Sushi Chef Suji âElvisâ Sugawara bring years of calm experience.
Itâs a dichotomy, of sorts, this kitchen at Shinsei, if it could even be called a kitchen in the singular tense. In one section â" the section open for the customers to see â" a chef operates deliberately, even surgically, at his craft. Those around him are quiet, also concentrating deliberately on their tasks at hand, silently executing their functions.
The other section can get loud. It can get hurried. It is almost always hot. And when the tension in that section gets just high enough, the chef will tell those around him to stop and take a look at the other end.
âItâs this pristine, calm, controlled environment â" that right there is a major departure from an industrial hot kitchen. Itâs subdued and precise,â says Jason Czaja, the Head Chef at Shinsei about the sushi side of the restaurant. âItâs an ideal, and in their case itâs obviously something thatâs technically entertaining to watch, but itâs also something that you aspire to: precision â" collected, calm, measured, thoughtful precision.â
It is Sushi Chef Suji âElvisâ Sugawara to whom the calm, cool collected side of the kitchen belongs, and while Czajaâs kitchen and Sugawaraâs sides of the kitchen may not be mirror images of each other, theyâre really not meant to at all. Rather, the kitchens reflect Shinsei itself; a restaurant that serves a multitude of styles of cuisines (all Asian) to a multitude of people and for any different reason or occasion. The calm, cool sushi side and the heated enthusiasm of the kitchen combine to prepare and present a meal and experience that Czeja describes as, âAll things to all people.â
âI donât want to sound trite when I say that it is, but this is a dining destination for Dallas and is nationally known â" at the same time, itâs Cheers to Park Cities. Along with businessmen dropping hundreds of dollars on a meal, you might see people rolling in here in shorts and flip flops who just got their kids from soccer practice who just want a quick bite of fish,â he adds.
From Coconut Chicken Jalapeno Poppers ($9) to Garlic Pork Potstickers ($14), Honey Hoisin Baby Back Ribs ($15) to Oven Roasted Mahi Mahi ($34), the offerings at Shinsei â" which is run by Tracy Rathbun and Lynae Fearing â" would be considered varied even without the sushi bar, but it is the sushi bar that makes the concept complete. Sugawara worked for three yearâs with Soda Takashi, now at Richardsonâs Sushisake, and went on from there to stints at Anzu, Tei Tei Robata Bar, and Teppo before taking the reins as Shinseiâs sushi chef. With his experience, he presents a traditional, trained â" yet creative â" aspect to Shinsei in the form of sushi. And while it seems that his kitchen is always calm, cool and collected, itâs merely due to the fact that when dealing with raw fish, you have to be all of those things all the time.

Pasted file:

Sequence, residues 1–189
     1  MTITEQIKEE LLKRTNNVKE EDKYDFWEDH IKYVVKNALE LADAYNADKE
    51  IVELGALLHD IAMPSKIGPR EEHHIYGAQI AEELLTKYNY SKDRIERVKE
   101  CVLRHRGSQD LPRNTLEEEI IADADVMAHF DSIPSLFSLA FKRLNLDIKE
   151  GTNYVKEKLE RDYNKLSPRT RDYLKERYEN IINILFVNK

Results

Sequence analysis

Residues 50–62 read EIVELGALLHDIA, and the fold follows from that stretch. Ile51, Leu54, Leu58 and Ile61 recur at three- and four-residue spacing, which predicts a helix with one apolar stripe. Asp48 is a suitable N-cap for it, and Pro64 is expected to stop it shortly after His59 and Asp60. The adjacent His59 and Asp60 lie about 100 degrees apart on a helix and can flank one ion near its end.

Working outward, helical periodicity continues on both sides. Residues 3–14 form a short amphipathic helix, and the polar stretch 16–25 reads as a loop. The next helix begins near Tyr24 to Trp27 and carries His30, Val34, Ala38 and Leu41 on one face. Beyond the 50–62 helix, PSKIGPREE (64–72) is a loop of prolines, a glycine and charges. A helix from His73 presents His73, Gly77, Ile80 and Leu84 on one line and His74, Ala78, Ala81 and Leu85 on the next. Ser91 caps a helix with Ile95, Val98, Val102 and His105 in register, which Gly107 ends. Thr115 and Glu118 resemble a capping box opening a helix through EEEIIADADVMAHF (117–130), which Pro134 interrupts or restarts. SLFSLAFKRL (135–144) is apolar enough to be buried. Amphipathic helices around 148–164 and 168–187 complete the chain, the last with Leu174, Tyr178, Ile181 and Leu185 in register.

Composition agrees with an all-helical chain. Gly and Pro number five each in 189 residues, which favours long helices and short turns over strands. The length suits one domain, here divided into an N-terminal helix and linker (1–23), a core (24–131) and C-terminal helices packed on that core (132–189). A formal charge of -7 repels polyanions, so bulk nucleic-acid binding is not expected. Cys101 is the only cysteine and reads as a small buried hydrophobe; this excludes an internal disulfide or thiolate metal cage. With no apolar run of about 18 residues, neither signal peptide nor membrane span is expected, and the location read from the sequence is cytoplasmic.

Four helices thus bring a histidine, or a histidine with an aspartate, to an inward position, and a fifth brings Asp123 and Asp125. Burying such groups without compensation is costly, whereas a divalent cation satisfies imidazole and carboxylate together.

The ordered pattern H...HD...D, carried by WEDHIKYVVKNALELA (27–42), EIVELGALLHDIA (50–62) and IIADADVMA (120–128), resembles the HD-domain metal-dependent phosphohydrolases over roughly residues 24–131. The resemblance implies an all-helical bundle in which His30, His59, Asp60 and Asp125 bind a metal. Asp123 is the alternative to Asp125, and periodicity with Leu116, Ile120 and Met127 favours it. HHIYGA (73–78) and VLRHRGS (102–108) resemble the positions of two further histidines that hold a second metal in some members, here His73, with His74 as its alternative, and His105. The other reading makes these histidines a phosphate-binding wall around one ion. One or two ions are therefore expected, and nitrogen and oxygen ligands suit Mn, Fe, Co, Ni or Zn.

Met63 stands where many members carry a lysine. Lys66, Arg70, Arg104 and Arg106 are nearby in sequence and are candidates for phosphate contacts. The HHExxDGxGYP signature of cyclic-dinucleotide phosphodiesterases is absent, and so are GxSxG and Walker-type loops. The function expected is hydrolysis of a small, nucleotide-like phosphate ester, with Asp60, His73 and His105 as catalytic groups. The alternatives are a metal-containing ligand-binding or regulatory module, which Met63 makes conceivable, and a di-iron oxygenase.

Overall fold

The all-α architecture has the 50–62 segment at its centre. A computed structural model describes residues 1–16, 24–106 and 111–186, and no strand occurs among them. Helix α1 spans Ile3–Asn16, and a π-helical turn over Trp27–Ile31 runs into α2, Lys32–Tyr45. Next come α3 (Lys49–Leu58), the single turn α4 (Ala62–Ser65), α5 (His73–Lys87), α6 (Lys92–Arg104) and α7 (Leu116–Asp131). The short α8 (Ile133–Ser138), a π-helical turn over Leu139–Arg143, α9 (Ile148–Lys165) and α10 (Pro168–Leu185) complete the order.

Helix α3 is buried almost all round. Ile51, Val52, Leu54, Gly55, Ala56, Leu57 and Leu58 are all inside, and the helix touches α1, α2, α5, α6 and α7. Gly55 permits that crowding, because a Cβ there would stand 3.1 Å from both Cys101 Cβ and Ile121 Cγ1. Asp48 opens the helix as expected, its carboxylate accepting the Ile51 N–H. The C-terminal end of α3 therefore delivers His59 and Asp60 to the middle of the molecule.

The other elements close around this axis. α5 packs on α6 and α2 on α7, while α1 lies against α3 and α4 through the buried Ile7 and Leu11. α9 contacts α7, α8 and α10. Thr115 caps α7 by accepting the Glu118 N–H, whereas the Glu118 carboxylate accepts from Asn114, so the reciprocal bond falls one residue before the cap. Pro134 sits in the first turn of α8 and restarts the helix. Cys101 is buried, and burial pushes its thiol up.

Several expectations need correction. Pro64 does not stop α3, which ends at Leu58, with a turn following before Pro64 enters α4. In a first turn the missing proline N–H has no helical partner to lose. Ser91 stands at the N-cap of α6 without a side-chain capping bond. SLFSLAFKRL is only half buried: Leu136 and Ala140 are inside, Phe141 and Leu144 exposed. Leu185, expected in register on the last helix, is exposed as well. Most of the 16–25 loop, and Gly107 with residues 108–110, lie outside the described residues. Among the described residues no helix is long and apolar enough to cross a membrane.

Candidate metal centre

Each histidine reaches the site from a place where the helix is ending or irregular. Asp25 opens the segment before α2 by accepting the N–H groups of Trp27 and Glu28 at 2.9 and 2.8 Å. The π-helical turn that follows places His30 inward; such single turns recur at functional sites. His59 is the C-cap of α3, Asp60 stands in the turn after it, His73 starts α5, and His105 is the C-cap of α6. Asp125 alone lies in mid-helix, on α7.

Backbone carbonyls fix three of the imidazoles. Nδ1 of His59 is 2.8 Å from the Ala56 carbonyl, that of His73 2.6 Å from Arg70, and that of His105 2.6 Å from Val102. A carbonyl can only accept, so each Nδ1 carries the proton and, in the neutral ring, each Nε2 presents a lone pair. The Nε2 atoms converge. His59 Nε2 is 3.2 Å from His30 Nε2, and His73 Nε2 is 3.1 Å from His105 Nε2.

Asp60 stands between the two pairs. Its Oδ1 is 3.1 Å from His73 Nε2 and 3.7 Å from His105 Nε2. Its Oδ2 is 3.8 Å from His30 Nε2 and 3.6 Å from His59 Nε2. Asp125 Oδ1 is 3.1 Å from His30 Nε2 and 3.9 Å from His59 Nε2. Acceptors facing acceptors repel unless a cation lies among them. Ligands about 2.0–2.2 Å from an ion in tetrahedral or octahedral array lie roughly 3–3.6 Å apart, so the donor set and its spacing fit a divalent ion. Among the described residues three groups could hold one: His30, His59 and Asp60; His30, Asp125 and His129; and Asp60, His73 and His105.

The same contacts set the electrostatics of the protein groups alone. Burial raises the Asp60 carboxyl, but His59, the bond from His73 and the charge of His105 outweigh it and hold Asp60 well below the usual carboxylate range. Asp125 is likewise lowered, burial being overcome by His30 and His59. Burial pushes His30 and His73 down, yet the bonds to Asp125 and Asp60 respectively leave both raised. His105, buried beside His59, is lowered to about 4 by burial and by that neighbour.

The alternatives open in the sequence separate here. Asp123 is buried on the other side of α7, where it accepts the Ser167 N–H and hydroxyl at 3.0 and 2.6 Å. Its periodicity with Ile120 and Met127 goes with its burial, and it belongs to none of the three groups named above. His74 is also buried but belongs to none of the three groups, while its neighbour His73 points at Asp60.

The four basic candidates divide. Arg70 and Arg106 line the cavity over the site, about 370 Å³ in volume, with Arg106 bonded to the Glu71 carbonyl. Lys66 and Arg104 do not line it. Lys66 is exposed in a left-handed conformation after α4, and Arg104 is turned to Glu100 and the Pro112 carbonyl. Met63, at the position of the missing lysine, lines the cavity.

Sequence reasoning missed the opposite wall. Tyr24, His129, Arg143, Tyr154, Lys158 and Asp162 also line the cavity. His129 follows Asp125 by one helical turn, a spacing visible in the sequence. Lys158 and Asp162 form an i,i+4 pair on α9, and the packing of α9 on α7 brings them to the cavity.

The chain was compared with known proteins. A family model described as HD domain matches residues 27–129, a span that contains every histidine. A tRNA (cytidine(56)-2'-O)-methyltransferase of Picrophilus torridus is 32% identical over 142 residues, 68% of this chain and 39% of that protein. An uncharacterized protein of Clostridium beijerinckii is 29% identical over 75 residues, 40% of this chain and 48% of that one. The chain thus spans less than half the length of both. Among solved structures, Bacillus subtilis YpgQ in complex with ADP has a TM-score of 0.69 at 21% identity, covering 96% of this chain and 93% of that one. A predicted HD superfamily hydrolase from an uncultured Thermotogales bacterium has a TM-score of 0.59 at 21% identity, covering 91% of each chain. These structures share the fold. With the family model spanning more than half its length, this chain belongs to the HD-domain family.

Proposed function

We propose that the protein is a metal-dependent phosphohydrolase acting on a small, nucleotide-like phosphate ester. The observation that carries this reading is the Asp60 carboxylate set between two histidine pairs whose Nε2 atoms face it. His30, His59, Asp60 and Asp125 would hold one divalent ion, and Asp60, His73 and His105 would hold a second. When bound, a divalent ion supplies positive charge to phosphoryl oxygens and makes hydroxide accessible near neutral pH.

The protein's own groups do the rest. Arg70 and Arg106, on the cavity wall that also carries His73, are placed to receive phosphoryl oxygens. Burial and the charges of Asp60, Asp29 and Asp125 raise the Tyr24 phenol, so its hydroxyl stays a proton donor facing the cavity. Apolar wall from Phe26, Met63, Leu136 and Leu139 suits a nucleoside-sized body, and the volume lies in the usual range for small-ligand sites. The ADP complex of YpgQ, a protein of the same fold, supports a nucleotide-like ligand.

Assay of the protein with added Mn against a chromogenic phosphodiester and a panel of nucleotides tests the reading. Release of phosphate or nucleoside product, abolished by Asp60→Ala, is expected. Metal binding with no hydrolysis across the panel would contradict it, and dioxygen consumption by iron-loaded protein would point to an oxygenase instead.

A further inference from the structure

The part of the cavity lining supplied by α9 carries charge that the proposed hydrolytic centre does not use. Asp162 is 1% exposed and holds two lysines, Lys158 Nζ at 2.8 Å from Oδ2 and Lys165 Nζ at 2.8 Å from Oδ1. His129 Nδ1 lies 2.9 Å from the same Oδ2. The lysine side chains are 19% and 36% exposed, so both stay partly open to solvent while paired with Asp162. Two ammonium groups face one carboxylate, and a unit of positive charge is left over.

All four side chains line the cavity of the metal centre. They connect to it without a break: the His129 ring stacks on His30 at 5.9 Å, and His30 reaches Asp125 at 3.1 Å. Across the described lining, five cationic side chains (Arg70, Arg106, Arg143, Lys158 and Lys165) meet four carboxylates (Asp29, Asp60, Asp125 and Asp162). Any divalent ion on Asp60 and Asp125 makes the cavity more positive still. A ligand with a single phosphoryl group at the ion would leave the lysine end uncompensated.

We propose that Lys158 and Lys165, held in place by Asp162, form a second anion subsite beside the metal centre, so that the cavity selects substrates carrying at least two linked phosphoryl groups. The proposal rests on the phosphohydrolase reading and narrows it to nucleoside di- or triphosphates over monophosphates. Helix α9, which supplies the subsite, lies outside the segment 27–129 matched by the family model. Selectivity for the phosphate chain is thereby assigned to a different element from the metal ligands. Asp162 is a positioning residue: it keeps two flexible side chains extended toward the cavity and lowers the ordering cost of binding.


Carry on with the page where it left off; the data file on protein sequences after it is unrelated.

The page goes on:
âSushi is a skilled work â" I would say slicing the fish is the aspect that takes the most skill â" to get the maximum yield with the minimum waste. Anybody can cut fish, fast. But how much mess are you going to get?,â he asks with a smile.
But knifework aside, Sugarawa is quick to observe that it doesnât matter how much skill you have if youâre starting out with an inferior product.
âWe make sure weâre keeping up the same quality â" we are in Dallas, so I have to search for the piece I want. And lately tuna has been coming from everywhere, but I just end up buying tuna from Hawaii, because even though I have to pay more money, I can have the quality that I want,â he says.
With that said, itâs little surprise that his present favorite offering is the Hawaiian Sashimi, which features the aforementioned tuna and features a white balsamic vinegar infused with hibiscus. It features not only the freshness on which Sugarawa places so much importance, but also the creativity and technique for which he is so highly regarded. Itâs the perfect example of the unique aspect that Sugawara brings to Shinsei that â" when integrated with the entire kitchen â" helps set it apart.
âThere is definitely a duality,â says Czeja. âAnd when people ask what itâs like, I just tell them that itâs kind of a balancing act.â
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